Census reports uptick in rental vacancy rates

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apartment vacancy

The Census Bureau released its quarterly report on home ownership and occupancy for Q1 2022. It showed that the rental housing vacancy rate was 5.8 percent, up from a level of 5.6 percent in Q4 2021. In Q1 2020, before the effects of the pandemic were widespread, the rental vacancy rate was 6.6 percent.

Different views of vacancies

The headline vacancy rate reported by Census, 5.8 percent in Q1, is for all rental housing in the country, both single-family and multifamily. Census breaks down this figure in various ways, including by the number of units in the building. The chart, below, illustrates this comparison.

vacancy by units

The chart shows that single family rentals have consistently had lower vacancy rates than have multifamily rentals and that the difference between the rates widened after 2016. It also shows that the rise in the vacancy rate for multifamily rentals in the latest quarter has not been matched with a corresponding rise in the vacancy rate of single-family rentals.

By the numbers, the single-family vacancy rate was 5.1 percent in Q1 2022, down from 5.2 percent in Q4 2021. The Census Bureau does not consider a rate change of this size to be statistically significant. The vacancy rate for units in buildings with 5 or more units was 7.0 percent in Q1 2022, up from 6.4 percent in Q4 2021.

The overall rental vacancy rate in the core cities of the Census Bureau’s Metropolitan Statistical Areas (MSAs) was 5.8 percent in Q1 2022. This was marginally higher than the rate of 5.7 percent reported in Q4 2021. The rental vacancy rate in the suburbs of the MSAs was 5.6 percent in Q1 2022. This was up from the 5.1 percent rate reported in Q4 2021. These trends are shown in the next chart, below.

vacancy by city type

Tracking rentership

The Census Bureau reported that 34.6 percent of the country’s 127,574,000 occupied housing units were inhabited by renter households in Q1 2022. This rate is effectively the same as that in Q4 2021. The history of the number of occupied housing units and the share of renter households since 2011 is shown in the next chart, below.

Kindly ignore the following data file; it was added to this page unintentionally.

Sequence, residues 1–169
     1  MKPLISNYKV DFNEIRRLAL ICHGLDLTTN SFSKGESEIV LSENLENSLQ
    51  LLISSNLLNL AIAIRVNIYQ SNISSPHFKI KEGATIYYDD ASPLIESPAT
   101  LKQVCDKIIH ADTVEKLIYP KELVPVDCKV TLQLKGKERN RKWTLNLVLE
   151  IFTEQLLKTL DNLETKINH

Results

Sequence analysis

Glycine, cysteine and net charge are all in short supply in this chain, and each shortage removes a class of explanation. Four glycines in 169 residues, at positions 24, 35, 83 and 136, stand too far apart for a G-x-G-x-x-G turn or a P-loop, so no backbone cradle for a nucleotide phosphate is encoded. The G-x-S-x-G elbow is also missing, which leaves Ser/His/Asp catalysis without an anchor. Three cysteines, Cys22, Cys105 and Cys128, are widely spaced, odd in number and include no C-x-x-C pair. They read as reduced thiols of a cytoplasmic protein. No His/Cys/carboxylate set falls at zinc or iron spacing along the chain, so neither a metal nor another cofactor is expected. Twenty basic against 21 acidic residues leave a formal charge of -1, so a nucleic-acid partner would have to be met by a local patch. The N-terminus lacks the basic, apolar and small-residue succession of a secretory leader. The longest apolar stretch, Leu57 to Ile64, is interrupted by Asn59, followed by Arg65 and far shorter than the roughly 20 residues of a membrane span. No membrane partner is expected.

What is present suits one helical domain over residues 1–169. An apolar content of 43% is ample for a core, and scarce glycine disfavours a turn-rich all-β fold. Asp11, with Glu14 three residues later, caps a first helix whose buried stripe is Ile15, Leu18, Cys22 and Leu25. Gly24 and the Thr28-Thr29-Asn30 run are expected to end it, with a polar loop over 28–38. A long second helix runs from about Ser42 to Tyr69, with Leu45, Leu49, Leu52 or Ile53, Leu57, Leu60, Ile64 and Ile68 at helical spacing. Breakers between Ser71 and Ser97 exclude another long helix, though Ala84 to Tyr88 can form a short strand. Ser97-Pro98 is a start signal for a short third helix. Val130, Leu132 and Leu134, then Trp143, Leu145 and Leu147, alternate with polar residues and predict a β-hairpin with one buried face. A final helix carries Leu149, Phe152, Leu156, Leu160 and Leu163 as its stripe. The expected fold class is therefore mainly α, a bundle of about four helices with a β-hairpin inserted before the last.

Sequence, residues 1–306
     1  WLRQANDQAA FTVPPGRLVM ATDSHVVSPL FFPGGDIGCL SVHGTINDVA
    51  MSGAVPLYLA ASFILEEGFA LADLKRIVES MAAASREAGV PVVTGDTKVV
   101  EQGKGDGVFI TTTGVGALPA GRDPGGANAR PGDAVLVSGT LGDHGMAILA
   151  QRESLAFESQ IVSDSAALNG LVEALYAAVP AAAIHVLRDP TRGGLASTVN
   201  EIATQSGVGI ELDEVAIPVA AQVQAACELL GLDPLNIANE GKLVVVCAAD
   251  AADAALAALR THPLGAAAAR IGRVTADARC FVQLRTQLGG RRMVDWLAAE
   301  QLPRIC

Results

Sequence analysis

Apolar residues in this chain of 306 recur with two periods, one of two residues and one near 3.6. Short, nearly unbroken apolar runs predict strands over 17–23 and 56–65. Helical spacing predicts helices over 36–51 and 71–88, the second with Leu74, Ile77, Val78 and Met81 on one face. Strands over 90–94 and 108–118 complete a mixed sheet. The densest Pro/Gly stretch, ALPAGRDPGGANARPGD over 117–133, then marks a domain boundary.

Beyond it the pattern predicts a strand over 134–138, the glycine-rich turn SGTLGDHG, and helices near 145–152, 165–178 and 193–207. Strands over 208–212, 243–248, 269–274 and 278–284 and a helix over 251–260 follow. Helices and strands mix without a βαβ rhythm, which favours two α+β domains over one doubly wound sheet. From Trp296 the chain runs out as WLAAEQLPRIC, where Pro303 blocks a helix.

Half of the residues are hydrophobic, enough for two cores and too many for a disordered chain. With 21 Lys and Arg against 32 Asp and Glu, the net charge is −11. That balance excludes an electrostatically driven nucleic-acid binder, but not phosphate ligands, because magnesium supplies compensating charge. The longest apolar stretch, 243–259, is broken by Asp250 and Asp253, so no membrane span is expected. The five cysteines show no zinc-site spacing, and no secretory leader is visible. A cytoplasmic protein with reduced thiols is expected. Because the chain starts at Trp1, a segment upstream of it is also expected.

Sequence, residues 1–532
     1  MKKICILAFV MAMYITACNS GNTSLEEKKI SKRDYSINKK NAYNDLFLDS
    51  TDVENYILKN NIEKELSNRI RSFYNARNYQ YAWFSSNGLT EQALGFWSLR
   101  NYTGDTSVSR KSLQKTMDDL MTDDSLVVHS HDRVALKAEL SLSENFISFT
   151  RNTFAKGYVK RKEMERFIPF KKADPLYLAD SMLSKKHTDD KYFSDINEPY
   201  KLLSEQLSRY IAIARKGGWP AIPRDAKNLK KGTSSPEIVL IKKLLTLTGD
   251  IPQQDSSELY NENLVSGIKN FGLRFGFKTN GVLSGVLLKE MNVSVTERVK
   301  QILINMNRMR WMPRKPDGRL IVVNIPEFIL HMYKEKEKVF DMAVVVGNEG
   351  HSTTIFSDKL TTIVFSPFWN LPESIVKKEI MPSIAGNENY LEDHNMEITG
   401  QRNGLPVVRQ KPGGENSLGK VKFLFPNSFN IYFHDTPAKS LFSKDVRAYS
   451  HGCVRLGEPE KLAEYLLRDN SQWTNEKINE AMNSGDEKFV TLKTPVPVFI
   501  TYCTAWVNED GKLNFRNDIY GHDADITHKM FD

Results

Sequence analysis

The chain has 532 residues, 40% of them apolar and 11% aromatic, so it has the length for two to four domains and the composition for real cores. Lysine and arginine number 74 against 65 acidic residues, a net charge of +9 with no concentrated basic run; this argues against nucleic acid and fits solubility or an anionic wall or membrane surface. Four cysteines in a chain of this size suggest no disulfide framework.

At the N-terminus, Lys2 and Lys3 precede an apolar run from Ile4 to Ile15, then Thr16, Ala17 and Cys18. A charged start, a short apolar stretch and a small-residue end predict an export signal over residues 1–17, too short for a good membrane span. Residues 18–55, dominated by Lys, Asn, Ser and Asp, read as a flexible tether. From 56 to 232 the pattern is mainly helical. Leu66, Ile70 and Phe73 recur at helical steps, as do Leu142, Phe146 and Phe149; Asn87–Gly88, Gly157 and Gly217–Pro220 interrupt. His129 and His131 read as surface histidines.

Occupancy

The chart shows that renters have occupied a decreasing portion of housing units since 2016 but that the portion of renter households has returned to nearly the level it was at before the drop that occurred soon after the pandemic-related lockdowns were imposed.

While the share of housing unit occupied by renters has fallen since 2016, the number of renter-occupied housing units has remained relatively steady, excluding the first year of the pandemic. Since Q2 2016, the number of renter-occupied housing units reported by the Census Bureau has been between 43.1 million and 44.2 million. Over the same period, the number of owner-occupied housing units has risen from 74.7 million in Q2 2016 to 83.4 million in Q1 2022.

Rent reporting

The Census Bureau also tracks the median asking rents for the country as-a-whole. The history of their findings is shown in the next chart, below. Census reported that rents have moved higher after declining at the end of last year, with the national average rent coming in at $1,255 in Q1 2022.

rent history

The report from Census is different than the results reported elsewhere which indicate that rents rose throughout last year. However, those reports focused on large, professionally managed multifamily properties while the Census report attempts to cover all rental housing in the United States.

The Census report is called Quarterly Residential Vacancies and Homeownership, First Quarter 2022. It is available here.